Jim Thiel: A Coherent Source Page 6
I have an advantage over users of loudspeakers, or even reviewers of loudspeakers, because I've been able to build up a lot of experience that can correlate measurements with listening. I can make a change to the crossover circuitry and measure the effect that has on performance, then go and listen to what effect it has on the subjective performance. And I've done that tens of thousands of times over the years. You can build up quite an understanding of the correlations between measurements and subjective impressions.
Atkinson: How does it make you feel when you have to deal with issues for which you don't have any engineering tools?
Thiel: I enjoy it. If I could do all of the engineering work with computers and calculations, I would not find it as enjoyable. I like that there's also an intuitive aspect, where you have to incorporate the knowledge that you've gained from experience in addition to what you objectively know. Just because you're doing a subjective evaluation does not mean it's incorrect or different for each person.
My task as a loudspeaker engineer/designer is not to prove to skeptics that these things matter. I don't care if they believe it or not. And I'm not restricted to only using tools that I can prove to them are correct. I only have to prove to myself that these differences are important.
Atkinson: And your chief financial officer.
Thiel: And my customers! [laughs]
Atkinson: What are your priorities in sound quality? Are you trying to get high sensitivity above everything else? Or do you start by trying to get the best stereo imaging? Or are you going for tonal neutrality? Which is most important?
Thiel: I like to think that there's not one that's most important, that there are four broad performance areas that are all important: the tonal fidelity, the spatial fidelity, the transient fidelity, and the dynamic fidelity. There are examples on the market of speakers that are very good in one or two of these areas but poor in other areas, and I don't think that any of those products are truly good products for most people. If a product has a serious limitation in even one of those areas, it makes it very difficult for most people to truly enjoy the musical performance of the product, I feel.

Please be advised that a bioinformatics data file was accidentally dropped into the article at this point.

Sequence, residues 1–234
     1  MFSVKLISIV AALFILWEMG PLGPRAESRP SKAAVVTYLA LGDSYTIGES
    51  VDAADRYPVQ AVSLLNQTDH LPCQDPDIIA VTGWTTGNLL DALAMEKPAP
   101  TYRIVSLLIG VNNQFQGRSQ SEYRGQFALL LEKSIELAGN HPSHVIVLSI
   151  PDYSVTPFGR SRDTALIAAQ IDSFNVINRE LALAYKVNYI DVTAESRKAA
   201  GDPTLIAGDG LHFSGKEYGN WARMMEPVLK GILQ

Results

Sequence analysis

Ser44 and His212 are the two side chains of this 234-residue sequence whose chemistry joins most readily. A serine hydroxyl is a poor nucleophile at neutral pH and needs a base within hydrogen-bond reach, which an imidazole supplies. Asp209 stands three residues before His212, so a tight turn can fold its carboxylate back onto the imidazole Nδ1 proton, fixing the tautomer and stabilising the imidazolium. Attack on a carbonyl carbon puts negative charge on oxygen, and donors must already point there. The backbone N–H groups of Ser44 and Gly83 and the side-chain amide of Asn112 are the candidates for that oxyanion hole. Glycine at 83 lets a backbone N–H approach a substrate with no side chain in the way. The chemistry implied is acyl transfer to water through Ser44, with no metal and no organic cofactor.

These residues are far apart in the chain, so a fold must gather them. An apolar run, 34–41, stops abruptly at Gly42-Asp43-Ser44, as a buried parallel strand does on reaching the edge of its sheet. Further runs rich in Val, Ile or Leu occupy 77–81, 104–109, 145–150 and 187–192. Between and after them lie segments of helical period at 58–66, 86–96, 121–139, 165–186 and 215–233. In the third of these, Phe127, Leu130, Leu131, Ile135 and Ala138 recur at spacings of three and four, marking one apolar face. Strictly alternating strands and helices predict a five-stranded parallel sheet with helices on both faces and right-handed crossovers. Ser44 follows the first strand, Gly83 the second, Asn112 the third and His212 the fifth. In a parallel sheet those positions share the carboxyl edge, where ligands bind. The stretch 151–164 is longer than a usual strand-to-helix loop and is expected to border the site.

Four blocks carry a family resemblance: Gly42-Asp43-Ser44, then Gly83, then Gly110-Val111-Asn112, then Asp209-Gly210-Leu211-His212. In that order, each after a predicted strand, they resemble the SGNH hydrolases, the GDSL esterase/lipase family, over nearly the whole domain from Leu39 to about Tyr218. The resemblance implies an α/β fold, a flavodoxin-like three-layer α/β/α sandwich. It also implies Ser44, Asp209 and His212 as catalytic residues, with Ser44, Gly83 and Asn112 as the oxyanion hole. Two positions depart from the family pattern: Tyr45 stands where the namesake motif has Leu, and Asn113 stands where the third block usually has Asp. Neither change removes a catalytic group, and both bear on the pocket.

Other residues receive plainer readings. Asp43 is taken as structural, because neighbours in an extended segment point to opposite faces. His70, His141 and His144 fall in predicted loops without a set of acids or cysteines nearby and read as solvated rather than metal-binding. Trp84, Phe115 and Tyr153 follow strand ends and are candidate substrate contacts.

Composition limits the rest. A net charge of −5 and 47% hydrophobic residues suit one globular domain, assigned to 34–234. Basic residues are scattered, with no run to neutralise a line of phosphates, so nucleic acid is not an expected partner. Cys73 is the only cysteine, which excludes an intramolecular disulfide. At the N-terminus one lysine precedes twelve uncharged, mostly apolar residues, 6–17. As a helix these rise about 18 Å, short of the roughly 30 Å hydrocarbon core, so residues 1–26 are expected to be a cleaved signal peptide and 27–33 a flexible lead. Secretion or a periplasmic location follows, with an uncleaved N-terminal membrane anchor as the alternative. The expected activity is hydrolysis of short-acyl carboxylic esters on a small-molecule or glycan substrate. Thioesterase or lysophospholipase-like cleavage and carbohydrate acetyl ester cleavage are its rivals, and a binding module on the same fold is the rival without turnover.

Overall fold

I'd rather have a product that was merely "good" in all respects than one that was great in one respect and poor in another respect. (Of course, I'd prefer to have a product that's great in every respect.) For example, I'm not willing to forgive tonal-response errors in a product just because it images very, very well. Imaging in itself is not a sufficient reason to like a product. And the same would be true of every other performance aspect. I think a speaker needs to be very good in all respects, or at least equally good in all respects.
Atkinson: One thing you find with loudspeakers that are overdeveloped in one area but lacking in others is that they start to drastically restrict the types of music that their owner plays.
Thiel: Our goal is the opposite—we want to open the customer up to more musical enjoyment of more types of music.
Atkinson: But as a designer, you don't have an unlimited budget for any of your models, even the most expensive. How do you compromise what you are trying to achieve with the CS6 in order to get a much-more-affordable speaker like the little CS.5?
Thiel: The first thing we'll sacrifice is quantity rather than quality. The first thing I trade off is how loudly will the speaker play, and how big of a room is it intended to play in. The next thing I will trade off is bass extension. I'll be willing to trade off a half-octave, or an octave, or one and a half octaves of deep bass. And at this point, I don't feel that I have yet sacrificed anything in terms of the sound quality. You can go quite far in reducing costs by trading off quantity.
Atkinson: Presumably because there's not a linear relation between bass extension and cost. It's probably more like a square law. Halve the low-frequency extension and you reduce the cost by a factor of four.